A new deduction was created based on qualified business income (QBI) from pass-through entities. The deduction can be up to 20% of a pass-through entity owner's QBI, subject to restrictions that can apply at higher income levels and another restriction based on the owner's taxable income.
The QBI deduction is available only to non-corporate taxpayers, meaning individuals, trusts and estates. It also can be claimed for up to 20% of income from qualified real estate investment trust dividends and 20% of qualified income from publicly traded partnerships.
Because of various limitations on the QBI deduction, tax planning can help increase your allowable QBI deduction. For example, before year end, you might be able to increase W-2 wages or purchase additional business assets to help boost your QBI deduction.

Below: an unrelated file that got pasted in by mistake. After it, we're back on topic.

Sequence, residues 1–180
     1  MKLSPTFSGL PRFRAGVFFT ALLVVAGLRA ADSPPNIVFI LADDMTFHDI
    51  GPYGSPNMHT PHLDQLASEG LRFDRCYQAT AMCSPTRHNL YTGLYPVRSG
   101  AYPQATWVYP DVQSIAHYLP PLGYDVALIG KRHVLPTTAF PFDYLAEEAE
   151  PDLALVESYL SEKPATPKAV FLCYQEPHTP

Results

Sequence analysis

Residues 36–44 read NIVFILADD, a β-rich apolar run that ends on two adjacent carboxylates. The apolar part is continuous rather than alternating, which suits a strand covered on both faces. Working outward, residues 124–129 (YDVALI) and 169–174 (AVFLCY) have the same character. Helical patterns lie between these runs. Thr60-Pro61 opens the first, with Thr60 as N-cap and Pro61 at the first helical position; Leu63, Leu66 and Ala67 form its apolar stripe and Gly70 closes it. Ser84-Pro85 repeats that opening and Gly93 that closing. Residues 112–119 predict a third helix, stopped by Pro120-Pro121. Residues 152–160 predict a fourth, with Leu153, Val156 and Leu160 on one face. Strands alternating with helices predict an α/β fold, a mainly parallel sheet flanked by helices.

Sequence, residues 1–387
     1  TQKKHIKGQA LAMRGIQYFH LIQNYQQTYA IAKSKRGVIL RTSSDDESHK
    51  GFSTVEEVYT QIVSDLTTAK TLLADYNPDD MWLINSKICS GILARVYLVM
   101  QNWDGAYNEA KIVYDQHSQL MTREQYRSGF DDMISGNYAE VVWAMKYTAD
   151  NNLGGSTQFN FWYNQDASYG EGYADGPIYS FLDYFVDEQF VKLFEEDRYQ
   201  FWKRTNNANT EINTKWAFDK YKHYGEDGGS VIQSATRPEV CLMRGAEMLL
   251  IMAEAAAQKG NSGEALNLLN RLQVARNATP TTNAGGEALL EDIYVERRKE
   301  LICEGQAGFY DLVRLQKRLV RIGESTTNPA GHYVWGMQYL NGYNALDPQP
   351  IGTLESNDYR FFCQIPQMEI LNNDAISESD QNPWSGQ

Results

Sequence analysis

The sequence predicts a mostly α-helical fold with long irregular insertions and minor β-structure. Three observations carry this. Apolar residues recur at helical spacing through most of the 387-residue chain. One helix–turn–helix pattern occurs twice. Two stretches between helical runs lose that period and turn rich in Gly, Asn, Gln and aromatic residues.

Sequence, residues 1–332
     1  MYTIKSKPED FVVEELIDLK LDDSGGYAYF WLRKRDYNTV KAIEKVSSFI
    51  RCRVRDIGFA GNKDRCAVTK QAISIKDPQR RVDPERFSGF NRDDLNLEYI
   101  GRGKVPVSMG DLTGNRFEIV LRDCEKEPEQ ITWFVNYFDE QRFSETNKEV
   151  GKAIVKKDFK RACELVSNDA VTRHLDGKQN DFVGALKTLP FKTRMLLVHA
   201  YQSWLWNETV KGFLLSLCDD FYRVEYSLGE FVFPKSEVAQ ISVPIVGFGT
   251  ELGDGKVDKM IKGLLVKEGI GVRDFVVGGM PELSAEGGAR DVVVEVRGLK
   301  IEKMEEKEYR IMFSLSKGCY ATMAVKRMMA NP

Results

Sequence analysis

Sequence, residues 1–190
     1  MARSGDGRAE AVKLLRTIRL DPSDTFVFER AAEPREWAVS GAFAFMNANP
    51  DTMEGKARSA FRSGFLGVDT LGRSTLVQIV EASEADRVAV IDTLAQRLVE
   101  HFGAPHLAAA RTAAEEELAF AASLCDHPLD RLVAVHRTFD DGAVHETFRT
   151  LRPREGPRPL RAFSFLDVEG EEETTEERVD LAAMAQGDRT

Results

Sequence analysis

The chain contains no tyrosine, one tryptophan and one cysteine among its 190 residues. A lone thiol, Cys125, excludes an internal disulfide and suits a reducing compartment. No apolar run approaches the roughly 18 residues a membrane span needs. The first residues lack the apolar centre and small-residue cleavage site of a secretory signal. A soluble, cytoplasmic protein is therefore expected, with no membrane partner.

Also, be aware that the moves designed to reduce this year's taxable income discussed earlier can inadvertently reduce your QBI deduction. This deduction is complex, so consulting a tax pro is a wise move.
6. Establish a Tax-Favored Retirement Plan
If your business does not already have a retirement plan, it might be time to change that. Current retirement plan rules allow for significant deductible contributions.
For example, if you're self-employed and set up a SEP-IRA, you can contribute up to 20% of your self-employment earnings, with a maximum contribution of $55,000 for 2018. If you're employed by your own corporation, you can contribute up to 25% of your salary to your account, with a maximum contribution of $55,000.
Other small business retirement plan options include defined benefit pension plans, SIMPLE-IRAs, and 401(k) plans. You can even set up a solo 401(k) plan for just one person. Depending on your circumstances, these other types of plans may allow bigger deductible contributions.
Important note: If your business has employees, your plan may have to cover them, too. Also, there are differing deadlines for setting up a plan depending on the type, some of which occur prior to year-end.
Tax planning is complex. A tax pro can help identify the best year-end strategies for your specific business situation and save you big!